5. Malik McDowell, interior defensive line, Michigan State

This guy has the size and athleticism of a sure-fire top ten talent, and he should leave the board early on. But, ‘character issues’ have his stock falling. If Quinn is confident he can get him in line with his ‘Brotherhood’ mentality in the lockeroom, then its a great fit because he can play the zero and one techniques as well as rush the passer.

6. Chris Wormley, defensive line, Michigan

Wormley is probably the most realistic player in this slideshow to be available at number 31. He’s also the most capable player in this group that can play both inside and outside on the line.

7. Caleb Brantley, defensive line, Florida

He’s similar to Grady Jarret than the other defensive line prospects, but with more size and probably more athetic. He doesn’t have the same Florida connection with Quinn that Keanu Neal had, but he’s a talent that will definitely catch Quinn’s interest should he fall to 31.

8. Takkarist McKinley, defensive line, UCLA

McKinley is more along the lines of the edge rushing/outside linebacker type that Vic Beasley was at Clemson. He differs from the other prospects because he doesn’t fit inside like the others. But he’s got talent and can certainly be entertaining under Quinn’s training.

 

The Falcons will likely fill the need for guard through free agency. There are two guards hitting the free agency that are upgrades from both Chris Chester and Andy Levitre.

Ron Leary served as an insurance policy on Dallas’ offensive line the last two seasons. Leary was a serviceable guard that lost his starting role to the combination of injury and the emergene of rookie La’El Collins. He’s made his intentions clear that he’s going to leave Dallas and seek a starting role, something the Falcons can offer the 27-year-old. He doesn’t hold tons of negotiating power without a lot of film, so he might be more affordable than the next guard profiled.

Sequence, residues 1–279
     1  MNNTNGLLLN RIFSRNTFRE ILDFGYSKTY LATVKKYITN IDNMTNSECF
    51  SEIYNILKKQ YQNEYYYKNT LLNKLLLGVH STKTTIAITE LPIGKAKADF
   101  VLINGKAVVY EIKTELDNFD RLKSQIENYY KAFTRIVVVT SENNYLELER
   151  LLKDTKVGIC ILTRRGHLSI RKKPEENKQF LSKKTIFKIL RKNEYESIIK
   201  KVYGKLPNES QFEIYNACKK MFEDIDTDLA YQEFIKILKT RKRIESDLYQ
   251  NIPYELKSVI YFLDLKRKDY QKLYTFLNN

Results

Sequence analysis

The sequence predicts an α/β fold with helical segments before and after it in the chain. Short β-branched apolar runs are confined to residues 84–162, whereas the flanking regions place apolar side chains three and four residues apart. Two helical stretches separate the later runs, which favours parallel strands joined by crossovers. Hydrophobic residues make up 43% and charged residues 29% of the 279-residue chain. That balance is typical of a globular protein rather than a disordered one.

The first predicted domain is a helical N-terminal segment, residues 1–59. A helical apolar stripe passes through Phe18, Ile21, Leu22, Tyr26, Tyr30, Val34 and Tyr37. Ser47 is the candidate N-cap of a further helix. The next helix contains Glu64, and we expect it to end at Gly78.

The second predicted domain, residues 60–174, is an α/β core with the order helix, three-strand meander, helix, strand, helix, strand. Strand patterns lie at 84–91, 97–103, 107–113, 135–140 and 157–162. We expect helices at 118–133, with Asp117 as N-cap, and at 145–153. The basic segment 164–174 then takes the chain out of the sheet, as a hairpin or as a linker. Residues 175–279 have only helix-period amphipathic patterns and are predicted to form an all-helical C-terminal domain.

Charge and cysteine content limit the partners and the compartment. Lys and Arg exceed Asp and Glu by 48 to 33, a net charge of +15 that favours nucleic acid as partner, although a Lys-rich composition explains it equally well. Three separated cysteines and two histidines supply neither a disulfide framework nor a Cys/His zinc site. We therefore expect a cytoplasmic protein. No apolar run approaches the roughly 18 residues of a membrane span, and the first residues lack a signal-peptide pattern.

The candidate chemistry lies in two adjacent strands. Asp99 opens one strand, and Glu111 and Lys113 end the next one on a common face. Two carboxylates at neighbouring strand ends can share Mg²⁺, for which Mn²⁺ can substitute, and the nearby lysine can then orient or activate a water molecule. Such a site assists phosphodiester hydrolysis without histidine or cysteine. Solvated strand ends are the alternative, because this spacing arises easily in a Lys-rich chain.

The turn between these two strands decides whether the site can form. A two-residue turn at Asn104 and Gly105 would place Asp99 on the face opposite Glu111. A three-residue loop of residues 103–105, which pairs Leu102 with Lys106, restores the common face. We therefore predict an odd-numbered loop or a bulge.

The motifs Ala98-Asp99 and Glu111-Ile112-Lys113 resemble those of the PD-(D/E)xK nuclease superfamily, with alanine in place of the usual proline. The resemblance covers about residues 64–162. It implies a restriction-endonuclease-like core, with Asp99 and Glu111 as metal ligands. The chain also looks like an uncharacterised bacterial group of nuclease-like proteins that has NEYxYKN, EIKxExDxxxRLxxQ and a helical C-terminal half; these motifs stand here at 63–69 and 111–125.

Kevin Zeitler is familiar with the right guard position open in Atlanta, because it’s the same position he played in Cincinnatti. At 26-years-old, Zeitler is due for a high-paying contract as the top guard entering free agency. He’s got more size at 6’4″ than most guards, but moves well and fits Atlanta’s line like a glove with his athleticism in a zone scheme. Zeitler is the reason I think Levitre gets cut, because it frees up the cap space necessary to sign him. Zeitler ranked as the seventh best guard in 2016 by ProFootballFocus and in top three for pass blocking, he will be highly sought after by a number of teams.

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Author Details
Falcons, SEC and occasional Braves writer. Built like a former prototypical private school defensive tackle. You can’t say I didn’t play the games because I was one helluva scout team All-American in practice and I watched intently from the bench during games. Born and raised in the city of Atlanta, I’m scarred by the playoff and championship disappointments but I continue to look forward to Atlanta’s next opportunity to blow a 28-3 lead. Always critical and skeptical because no lead is ever safe.
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Falcons, SEC and occasional Braves writer. Built like a former prototypical private school defensive tackle. You can’t say I didn’t play the games because I was one helluva scout team All-American in practice and I watched intently from the bench during games. Born and raised in the city of Atlanta, I’m scarred by the playoff and championship disappointments but I continue to look forward to Atlanta’s next opportunity to blow a 28-3 lead. Always critical and skeptical because no lead is ever safe.